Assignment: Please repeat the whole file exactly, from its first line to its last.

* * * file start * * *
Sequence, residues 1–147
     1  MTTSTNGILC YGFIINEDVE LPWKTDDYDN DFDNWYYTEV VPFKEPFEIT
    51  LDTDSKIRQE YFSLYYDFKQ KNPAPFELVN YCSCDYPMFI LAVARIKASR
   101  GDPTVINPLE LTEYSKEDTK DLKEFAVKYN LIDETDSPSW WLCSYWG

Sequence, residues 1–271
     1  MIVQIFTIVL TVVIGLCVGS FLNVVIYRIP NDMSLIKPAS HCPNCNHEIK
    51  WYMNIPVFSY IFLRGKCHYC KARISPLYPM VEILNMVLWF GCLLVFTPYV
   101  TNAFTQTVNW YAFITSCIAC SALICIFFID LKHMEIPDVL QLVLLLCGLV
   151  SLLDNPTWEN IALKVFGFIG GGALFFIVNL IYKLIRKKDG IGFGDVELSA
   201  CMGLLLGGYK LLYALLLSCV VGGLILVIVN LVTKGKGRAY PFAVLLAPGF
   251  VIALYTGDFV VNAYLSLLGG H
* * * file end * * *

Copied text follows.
Sequence, residues 1–147
     1  MTTSTNGILC YGFIINEDVE LPWKTDDYDN DFDNWYYTEV VPFKEPFEIT
    51  LDTDSKIRQE YFSLYYDFKQ KNPAPFELVN YCSCDYPMFI LAVARIKASR
   101  GDPTVINPLE LTEYSKEDTK DLKEFAVKYN LIDETDSPSW WLCSYWG

Sequence, residues 1–271
     1  MIVQIFTIVL TVVIGLCVGS FLNVVIYRIP NDMSLIKPAS HCPNCNHEIK
    51  WYMNIPVFSY IFLRGKCHYC KARISPLYPM VEILNMVLWF GCLLVFTPYV
   101  TNAFTQTVNW YAFITSCIAC SALICIFFID LKHMEIPDVL QLVLLLCGLV
   151  SLLDNPTWEN IALKVFGFIG GGALFFIVNL IYKLIRKKDG IGFGDVELSA
   201  CMGLLLGGYK LLYALLLSCV VGGLILVIVN LVTKGKGRAY PFAVLLAPGF
   251  VIALYTGDFV VNAYLSLLGG H